Clauson is the Apparent Winner in Position 4 City Council Race

Challenger says she will stay involved in city politics.
By Chris Henry
John Clauson is the apparent winner in the race for Port Orchard City Council position 4.
In unofficial results, Clauson had 51.38 percent of the vote and held a 50-vote lead over challenger Cindy Lucarelli, who had 48.17 percent, as of Tuesday. Write-ins took. 45 percent.
Clauson’s lead of 3.21 percentage points is well above the one-half-of-one percent margin that would automatically trigger a recount. The election will be certified on Nov. 27.
“I’m very excited,” said Clauson. “I’m pleased and looking forward to getting busy on the next four years.”
Clauson, a 25-year council veteran and chairman of the finance committee, was initially hesitant about running again due to what he characterized as a lack of teamwork on the council.
He faced political newcomer Cindy Lucarelli, who was a critic of the city’s downtown plan for economic revitalization because of its allowance on building heights. Clauson voted in favor of the plan when it was passed Sept. 25.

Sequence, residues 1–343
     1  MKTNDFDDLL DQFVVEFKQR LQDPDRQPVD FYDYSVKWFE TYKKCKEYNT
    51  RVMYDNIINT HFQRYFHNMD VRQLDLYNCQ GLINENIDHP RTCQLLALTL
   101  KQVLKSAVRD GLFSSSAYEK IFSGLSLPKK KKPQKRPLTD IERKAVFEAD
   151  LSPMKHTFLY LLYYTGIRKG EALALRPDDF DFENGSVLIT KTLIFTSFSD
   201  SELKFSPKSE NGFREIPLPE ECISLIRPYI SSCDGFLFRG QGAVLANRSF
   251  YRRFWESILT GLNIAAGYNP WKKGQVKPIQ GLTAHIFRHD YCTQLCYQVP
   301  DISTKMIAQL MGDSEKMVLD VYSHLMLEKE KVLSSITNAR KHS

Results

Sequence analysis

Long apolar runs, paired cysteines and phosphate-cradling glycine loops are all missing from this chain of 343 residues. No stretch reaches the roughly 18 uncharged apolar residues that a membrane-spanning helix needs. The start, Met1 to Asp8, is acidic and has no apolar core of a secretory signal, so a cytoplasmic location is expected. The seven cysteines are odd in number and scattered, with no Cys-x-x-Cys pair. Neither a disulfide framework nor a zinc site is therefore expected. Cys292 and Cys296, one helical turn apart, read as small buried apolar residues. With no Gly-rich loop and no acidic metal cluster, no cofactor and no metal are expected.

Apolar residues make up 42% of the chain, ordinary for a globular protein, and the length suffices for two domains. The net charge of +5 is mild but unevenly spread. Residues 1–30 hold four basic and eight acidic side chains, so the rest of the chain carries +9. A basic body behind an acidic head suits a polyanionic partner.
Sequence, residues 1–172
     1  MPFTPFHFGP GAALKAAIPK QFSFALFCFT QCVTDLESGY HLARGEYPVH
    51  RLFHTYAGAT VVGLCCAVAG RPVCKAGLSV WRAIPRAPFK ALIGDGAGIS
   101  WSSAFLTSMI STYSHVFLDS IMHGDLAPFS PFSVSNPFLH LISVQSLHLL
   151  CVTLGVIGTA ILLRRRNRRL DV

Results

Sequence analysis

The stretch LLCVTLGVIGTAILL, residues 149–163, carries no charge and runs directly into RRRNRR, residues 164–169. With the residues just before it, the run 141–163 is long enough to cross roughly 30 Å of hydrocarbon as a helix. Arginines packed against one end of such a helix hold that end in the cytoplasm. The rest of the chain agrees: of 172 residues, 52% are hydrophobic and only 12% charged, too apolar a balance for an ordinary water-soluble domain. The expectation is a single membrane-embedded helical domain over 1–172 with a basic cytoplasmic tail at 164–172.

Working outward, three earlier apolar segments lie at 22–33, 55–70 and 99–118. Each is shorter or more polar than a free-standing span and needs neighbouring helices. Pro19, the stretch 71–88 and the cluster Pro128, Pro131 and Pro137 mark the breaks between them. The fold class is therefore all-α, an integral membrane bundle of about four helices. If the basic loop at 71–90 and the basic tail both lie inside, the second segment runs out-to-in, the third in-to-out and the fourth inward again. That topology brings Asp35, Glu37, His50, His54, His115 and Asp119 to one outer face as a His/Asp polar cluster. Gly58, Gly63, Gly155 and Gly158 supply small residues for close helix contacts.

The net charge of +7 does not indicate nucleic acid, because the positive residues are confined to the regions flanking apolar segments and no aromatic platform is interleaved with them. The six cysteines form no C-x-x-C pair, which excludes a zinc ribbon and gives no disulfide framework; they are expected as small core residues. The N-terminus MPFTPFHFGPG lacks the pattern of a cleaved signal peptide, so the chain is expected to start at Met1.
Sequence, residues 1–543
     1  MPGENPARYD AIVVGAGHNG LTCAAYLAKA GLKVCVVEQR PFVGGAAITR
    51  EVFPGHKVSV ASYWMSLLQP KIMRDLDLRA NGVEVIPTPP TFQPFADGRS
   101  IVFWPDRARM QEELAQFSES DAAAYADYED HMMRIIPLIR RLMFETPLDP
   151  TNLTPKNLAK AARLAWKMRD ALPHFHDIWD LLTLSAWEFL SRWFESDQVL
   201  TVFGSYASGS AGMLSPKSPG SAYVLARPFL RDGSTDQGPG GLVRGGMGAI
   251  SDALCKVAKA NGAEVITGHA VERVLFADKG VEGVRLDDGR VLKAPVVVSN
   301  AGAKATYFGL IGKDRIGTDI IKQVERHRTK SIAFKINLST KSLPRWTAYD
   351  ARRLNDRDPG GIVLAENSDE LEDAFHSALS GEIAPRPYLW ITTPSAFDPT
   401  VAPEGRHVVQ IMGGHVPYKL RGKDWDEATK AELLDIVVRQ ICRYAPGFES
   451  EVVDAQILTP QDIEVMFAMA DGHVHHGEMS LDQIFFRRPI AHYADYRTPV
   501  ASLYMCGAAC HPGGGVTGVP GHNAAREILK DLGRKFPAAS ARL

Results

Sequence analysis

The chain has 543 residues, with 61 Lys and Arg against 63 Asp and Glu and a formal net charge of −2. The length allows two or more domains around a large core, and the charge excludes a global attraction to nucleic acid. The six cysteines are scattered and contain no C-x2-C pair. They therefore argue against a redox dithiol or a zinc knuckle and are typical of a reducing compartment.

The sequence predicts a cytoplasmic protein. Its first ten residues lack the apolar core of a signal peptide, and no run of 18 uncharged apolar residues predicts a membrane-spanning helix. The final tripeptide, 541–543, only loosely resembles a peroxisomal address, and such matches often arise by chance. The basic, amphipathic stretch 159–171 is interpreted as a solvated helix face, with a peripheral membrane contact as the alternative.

Lucarelli, a small-business owner who moved to Port Orchard in 2002, said she was pleased with the closeness of the race. She said she will continue to attend City Council meetings and will apply for the city’s newly formed design review board.
Clauson said economic revitalization will be at the top of his agenda as he enters his seventh term. He said the city’s recently passed downtown plan, along with annexation and development of the Bethel corridor, will be key to stimulating revenue streams for the city.
Clauson, commenting on the recent state Supreme Court ruling on I-747, said he and other members of the finance committee didn’t even consider raising property taxes above the 1 percent lid that has been in place since 2002. The ruling found I-747 unconstitutional and technically allows jurisdictions to revert to a 6 percent lid.
The City Council on Tuesday passed its 2008 property tax ordinance with a 1 percent lid.
Clauson said, even if the legislature allows all or part of the increased lid to stay in place, he would see a tax hike of more than 1 percent as a “last resort.”
“i think property taxes are something that could be used, but I’d really like the voters to be involved in that decision,” said Clauson.

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